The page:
Whisky Magazine Issue 128
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Bourbon County has its first female Master Distiller
History has been made this year. In February, I learned a prominent whiskey female would be leaving her ‘Master Taster' post at Brown-Forman to take a ‘Master Distiller' job title at the former Old Taylor Distillery. This move was historic for two reasons.
Known for its castle structure, Old Taylor closed in 1972 and the new owners plan to change the name and are currently refurbishing one of the most-important distilleries in bourbon history. When they named Marianne Barnes their Master Distiller, she became the first woman with the coveted Kentucky Bourbon Master Distiller title since Prohibition and perhaps ever.
A chemical engineer, Barnes had worked for Brown-Forman since 2009 and became most known for blending the Old Forester Whiskey Row 1870 Original Batch. I knew Barnes would one day become a Master Distiller; she's a true talent. But I always assumed it would be at Brown-Forman. Although surprised by her move, I was not shocked another company saw her skills.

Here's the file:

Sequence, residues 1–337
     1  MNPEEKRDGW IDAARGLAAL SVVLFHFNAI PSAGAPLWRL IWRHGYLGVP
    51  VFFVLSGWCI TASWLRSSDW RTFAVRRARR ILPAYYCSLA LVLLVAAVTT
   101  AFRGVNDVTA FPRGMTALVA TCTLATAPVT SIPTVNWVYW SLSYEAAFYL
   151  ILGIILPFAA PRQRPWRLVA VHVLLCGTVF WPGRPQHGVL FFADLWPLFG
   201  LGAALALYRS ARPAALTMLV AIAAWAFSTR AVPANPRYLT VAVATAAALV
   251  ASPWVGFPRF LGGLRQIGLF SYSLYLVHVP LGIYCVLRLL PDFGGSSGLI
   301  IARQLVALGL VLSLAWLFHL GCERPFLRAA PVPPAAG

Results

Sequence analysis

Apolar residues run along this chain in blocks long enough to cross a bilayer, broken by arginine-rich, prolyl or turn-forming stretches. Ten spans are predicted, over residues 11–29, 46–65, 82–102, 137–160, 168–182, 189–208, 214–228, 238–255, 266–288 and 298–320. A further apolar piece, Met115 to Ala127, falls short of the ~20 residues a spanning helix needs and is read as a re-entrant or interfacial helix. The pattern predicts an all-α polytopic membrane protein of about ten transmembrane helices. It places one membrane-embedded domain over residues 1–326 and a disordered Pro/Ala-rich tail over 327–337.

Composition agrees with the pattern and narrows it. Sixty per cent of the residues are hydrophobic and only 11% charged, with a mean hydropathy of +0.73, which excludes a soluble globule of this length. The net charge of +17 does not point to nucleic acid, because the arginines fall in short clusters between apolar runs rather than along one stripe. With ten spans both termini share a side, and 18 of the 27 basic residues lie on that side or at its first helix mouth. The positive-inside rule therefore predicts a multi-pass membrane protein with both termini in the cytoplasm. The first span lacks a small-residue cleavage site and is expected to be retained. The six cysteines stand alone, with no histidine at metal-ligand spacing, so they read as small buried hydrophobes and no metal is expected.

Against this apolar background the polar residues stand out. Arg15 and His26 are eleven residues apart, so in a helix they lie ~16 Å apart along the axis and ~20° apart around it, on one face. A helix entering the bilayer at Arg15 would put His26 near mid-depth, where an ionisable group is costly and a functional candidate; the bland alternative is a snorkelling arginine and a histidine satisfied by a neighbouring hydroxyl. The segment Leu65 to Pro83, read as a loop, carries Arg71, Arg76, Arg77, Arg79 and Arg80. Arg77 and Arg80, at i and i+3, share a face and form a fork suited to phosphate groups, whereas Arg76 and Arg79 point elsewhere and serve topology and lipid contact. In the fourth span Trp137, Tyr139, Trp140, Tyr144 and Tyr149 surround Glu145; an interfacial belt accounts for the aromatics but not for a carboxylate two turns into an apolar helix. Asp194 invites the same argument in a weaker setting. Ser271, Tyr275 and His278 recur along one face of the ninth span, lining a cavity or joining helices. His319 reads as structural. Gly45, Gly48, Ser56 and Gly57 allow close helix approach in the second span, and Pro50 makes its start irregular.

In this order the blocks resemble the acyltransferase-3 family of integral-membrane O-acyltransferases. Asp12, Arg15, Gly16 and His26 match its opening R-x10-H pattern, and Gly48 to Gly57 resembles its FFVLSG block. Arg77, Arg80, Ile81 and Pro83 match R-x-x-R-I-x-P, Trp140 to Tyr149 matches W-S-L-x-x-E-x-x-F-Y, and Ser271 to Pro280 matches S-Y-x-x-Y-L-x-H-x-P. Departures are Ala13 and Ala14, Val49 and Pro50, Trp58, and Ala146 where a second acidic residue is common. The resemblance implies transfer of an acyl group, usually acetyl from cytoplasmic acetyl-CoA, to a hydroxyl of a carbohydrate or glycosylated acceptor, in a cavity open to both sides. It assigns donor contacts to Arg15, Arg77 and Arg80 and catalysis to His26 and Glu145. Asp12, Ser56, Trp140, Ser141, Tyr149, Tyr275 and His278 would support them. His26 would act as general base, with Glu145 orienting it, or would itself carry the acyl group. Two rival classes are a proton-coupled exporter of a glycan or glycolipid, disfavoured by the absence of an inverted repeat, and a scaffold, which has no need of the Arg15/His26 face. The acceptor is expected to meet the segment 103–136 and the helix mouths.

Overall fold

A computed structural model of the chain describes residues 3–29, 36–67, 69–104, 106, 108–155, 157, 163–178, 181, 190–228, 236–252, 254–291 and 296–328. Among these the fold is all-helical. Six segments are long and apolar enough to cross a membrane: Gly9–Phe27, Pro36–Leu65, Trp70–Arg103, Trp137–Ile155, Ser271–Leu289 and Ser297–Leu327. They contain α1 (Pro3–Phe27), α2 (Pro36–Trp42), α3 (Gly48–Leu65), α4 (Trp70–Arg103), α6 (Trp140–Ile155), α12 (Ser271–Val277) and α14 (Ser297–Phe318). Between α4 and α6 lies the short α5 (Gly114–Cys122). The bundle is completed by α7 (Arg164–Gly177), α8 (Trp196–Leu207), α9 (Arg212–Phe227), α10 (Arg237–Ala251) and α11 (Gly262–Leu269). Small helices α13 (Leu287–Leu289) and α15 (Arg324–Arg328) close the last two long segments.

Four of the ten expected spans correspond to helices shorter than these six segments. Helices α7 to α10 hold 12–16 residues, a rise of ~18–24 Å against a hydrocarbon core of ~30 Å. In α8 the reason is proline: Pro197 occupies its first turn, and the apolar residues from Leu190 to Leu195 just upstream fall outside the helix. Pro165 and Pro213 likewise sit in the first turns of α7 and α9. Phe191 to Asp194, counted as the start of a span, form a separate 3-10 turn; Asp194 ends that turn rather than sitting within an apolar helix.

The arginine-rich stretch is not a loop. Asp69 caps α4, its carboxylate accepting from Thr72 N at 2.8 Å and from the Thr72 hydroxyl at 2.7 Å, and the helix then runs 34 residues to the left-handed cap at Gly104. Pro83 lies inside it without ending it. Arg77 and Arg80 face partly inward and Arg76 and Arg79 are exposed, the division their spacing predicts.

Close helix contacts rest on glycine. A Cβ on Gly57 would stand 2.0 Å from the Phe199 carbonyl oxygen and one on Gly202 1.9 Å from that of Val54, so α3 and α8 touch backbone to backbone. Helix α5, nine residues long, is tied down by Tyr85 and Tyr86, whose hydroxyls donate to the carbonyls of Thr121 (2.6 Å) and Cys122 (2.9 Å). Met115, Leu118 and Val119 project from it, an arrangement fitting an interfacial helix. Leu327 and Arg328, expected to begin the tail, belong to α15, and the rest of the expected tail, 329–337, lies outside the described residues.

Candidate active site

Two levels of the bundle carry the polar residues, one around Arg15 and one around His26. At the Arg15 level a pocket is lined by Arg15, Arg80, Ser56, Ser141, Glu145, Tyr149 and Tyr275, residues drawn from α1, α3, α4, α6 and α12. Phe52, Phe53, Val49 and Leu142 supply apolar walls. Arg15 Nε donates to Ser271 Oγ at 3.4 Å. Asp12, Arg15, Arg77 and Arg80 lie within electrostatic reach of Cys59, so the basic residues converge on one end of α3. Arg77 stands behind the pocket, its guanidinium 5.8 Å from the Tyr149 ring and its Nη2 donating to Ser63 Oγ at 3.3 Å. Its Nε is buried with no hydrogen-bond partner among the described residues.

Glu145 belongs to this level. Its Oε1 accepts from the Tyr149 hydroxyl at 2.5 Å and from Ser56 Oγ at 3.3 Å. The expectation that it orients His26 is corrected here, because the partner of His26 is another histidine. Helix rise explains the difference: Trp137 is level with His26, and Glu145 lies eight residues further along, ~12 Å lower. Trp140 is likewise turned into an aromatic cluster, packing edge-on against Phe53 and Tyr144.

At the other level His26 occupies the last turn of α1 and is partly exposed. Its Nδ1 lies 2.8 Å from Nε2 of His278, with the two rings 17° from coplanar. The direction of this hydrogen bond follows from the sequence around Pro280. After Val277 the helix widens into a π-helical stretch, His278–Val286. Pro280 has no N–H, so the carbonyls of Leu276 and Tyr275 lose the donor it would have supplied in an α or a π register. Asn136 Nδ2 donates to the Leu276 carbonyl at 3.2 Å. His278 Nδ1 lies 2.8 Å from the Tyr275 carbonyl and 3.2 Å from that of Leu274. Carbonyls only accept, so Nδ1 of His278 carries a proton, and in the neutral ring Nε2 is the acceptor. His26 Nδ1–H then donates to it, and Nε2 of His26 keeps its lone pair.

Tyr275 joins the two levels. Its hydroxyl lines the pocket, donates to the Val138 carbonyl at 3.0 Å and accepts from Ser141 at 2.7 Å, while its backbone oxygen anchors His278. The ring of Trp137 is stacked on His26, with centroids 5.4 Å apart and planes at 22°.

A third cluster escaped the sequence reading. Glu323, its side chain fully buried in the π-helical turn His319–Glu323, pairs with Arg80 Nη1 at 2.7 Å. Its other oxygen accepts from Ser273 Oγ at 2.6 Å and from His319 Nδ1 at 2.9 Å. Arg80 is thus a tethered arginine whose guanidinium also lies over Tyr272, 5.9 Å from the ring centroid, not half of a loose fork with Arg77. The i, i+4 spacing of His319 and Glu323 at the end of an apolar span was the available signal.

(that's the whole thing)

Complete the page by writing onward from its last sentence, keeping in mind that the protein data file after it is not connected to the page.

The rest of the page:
My enthusiasm for Barnes' accomplishment was a little more subjective than the normal job switch story. When I wrote Whiskey Women: The Untold Story of How Women Saved Bourbon, Scotch & Irish Whiskey, no woman had risen up the ranks at a major company and earned Master Distiller in Kentucky. Based on my research, I found several 1800s era women who could qualify for the title, but there was no evidence they were actually called Master Distiller. Of course, what does Master Distiller even mean? You h...